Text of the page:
U.S. home sales will increase 5% in 2011 from 2010, with share of adjustable-rate mortgage loans rising to 7% from 5% due to higher interest rates: Freddie Mac
April 13, 2011
– Freddie Mac (OTC: FMCC) released today its U.S. Economic and Housing Market Outlook for April showing signs of a pick up in home sales beginning this spring driven by the recent encouraging employment reports, low mortgage rates and continued high homebuyer affordability.
Unemployment declined for the fourth straight month to 8.8 percent, and net employment increased by 216,000 jobs.
A projected 5 percent increase in 2011 home sales over 2010, on a calendar year basis.
Despite weak and inconsistent monthly job gains for the real estate sector, real estate employment was up by 10,000 jobs since last November.
Refinancing is likely to account for a much smaller share of loan applications later this year as borrowers who are "in-the-money" decrease and mortgage rates begin inching up.
The share of adjustable-rate mortgages loans is projected to be 7 percent in 2011, compared to the 5 percent 2010 average in part because the level of fixed-rate mortgages rates are expected to rise relative to short-term interest rates.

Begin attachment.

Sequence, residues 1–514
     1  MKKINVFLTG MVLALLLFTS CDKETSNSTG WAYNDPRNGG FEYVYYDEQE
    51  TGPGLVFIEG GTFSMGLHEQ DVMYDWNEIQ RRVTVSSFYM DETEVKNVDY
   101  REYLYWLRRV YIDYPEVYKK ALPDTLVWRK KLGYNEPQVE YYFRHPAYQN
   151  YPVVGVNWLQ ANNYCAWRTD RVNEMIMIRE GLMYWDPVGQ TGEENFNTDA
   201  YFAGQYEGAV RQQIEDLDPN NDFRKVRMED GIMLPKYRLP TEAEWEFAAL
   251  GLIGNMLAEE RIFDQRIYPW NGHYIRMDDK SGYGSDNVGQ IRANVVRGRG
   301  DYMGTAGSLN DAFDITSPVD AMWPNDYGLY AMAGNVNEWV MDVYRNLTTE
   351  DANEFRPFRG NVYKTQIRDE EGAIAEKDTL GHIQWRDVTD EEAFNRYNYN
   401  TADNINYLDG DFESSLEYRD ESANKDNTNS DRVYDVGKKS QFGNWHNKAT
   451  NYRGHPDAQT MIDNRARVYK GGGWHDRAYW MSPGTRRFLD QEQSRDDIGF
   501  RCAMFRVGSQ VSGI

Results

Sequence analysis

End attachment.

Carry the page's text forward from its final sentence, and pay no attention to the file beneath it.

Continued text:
Click here to view the complete April 2011 U.S. Economic and Housing Market Outlook [PDF]. Freddie Mac compiles data on major economic and housing and mortgage market indicators and offers forecasts based on those indicators.
Attributed to Frank Nothaft, Freddie Mac, vice president and chief economist.
"Expect to see a bit of spring in homes sales activity during the second quarter. Sales contract signings for existing homes were up in February, positioning the market for a bounce up going into the traditional homebuying season."
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Freddie Mac was established by Congress in 1970 to provide liquidity, stability and affordability to the nation's residential mortgage markets. Freddie Mac supports communities across the nation by providing mortgage capital to lenders. Over the years, Freddie Mac has made home possible for one in six homebuyers and more than five million renters.
SOURCE Freddie Mac
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